Sunday, September 28, 2008

Un-fucking-believable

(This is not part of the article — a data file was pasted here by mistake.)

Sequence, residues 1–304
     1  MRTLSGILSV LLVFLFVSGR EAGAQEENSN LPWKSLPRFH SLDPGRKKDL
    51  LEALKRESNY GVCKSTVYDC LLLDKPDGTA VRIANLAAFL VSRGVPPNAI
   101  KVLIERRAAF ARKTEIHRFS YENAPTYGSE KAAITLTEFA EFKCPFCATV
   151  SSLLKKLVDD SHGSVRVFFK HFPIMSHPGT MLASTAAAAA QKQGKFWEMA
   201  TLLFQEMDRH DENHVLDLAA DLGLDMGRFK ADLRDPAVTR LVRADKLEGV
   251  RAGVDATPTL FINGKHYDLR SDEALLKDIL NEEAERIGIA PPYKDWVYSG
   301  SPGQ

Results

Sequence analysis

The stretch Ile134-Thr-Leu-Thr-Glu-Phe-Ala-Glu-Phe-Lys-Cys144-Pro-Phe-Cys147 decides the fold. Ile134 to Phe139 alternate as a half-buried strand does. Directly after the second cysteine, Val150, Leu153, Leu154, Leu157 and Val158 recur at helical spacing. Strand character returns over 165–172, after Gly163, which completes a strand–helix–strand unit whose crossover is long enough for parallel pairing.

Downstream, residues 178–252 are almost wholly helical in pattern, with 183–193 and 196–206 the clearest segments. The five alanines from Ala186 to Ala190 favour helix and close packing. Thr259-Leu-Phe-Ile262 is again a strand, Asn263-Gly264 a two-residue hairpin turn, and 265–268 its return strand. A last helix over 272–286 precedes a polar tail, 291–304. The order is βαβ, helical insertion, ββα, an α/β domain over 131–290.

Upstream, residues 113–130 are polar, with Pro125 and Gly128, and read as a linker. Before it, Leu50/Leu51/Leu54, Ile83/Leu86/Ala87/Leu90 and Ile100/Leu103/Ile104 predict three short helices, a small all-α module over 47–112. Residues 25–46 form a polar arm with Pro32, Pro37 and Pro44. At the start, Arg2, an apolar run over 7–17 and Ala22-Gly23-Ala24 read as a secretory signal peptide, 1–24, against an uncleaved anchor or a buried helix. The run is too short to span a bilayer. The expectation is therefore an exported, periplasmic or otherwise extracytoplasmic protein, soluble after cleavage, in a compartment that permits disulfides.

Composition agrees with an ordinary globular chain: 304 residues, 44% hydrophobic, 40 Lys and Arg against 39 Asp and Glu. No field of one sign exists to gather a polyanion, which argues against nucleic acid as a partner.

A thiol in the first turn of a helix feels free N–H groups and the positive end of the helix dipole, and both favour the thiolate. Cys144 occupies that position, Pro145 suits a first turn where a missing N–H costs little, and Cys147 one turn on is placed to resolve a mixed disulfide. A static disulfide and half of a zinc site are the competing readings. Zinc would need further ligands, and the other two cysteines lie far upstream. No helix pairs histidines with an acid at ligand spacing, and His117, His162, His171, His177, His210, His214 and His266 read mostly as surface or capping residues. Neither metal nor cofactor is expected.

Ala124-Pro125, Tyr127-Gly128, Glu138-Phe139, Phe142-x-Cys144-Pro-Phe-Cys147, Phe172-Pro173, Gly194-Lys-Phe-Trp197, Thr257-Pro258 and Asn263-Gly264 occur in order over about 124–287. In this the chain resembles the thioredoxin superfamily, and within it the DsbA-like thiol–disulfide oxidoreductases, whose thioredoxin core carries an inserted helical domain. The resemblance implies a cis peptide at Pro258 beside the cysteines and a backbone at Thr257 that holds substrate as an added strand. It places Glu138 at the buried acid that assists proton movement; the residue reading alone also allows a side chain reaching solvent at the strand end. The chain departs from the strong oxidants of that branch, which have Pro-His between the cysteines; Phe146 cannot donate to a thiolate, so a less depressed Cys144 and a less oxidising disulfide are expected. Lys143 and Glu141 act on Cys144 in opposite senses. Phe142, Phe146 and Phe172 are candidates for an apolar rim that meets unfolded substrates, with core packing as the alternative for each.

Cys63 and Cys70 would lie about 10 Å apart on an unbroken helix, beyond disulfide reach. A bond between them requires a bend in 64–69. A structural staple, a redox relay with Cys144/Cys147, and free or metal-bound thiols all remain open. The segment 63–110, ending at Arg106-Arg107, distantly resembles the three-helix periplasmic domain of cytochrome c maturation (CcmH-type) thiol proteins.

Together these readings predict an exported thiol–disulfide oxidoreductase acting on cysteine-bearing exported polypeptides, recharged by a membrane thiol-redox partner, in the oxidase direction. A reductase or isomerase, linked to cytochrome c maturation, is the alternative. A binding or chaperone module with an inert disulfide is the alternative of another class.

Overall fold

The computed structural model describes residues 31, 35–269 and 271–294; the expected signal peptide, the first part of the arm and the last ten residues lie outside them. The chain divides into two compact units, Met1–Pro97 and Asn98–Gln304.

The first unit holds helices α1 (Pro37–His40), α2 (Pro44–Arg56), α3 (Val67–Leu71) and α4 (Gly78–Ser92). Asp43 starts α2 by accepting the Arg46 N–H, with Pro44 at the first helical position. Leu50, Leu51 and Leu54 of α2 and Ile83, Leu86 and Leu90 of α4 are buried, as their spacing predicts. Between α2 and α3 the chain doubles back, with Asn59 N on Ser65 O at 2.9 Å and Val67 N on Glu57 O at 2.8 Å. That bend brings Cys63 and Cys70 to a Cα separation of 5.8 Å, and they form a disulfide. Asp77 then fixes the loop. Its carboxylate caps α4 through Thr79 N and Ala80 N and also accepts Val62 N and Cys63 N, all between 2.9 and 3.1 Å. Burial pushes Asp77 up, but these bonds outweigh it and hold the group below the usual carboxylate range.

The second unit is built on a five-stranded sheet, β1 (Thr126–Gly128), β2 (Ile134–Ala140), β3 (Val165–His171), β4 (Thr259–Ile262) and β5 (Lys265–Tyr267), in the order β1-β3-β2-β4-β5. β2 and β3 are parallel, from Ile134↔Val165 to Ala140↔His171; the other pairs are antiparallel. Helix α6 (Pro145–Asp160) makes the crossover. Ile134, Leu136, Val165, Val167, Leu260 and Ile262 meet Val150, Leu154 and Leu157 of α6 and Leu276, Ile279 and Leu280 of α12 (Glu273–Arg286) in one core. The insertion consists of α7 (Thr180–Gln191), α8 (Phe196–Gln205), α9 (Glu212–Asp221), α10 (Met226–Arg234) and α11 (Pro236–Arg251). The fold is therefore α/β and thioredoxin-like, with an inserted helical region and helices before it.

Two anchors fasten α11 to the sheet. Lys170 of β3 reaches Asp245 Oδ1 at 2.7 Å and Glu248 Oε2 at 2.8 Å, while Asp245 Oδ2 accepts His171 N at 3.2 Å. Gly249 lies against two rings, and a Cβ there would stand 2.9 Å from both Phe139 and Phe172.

Excuse my un-fucking-lady-like language, but I'm still in shock over my recent personal experience with the health system at Hopkins. As mentioned, I've been sick. (I'm all better, now, thank you. Just hacking up some remaining phlegm. Mmmm). So, on Friday, after my last two midterms, I decided to go to the student health clinic to make sure I didn't have a bacterial infection, and if I did, to get some drugs. After walking to the outskirts of the Hopkins Medical campus, way far away from the hospital and School of Public Health, I found the clinic tucked away in a weird strip-mall like setting. I went in and told the woman at the front desk that I was sick. I was feverish, coughing, soar throat, etc. She asked if I had an appointment. "Nope. Just a walk-in." After not being able to find my insurance information in the computer, and making several phone calls to make sure I actually was on the Hopkins plan, she told me that there was no one there who could see me, that they were about to go on lunch, but I could make an appointment for Tuesday to see my assigned primary care doctor. "Let me get this straight: I'm sick, I'm in a clinic, I'm the only patient here, and there's no one who can see me, and I'm at Johns Hopkins, the '#1 hospital in the U.S?'" "Right. You can make an appointment for Tuesday or go to the Emergency Room." After further statements of disbelief, I left and hoofed it back to the School of Public Health, getting angrier and angrier with each sweat-, fever-, and cough-inducing step. Up the street, they were teaching me about the problems with access to health care, how it's a waste of resources to go to the E.R. when it's not an emergency, but how so many people do because they can't get to regular doctors... and the student health clinic at Johns Hopkins Medical Institute is sending me to E.R? Are you kidding me?!!!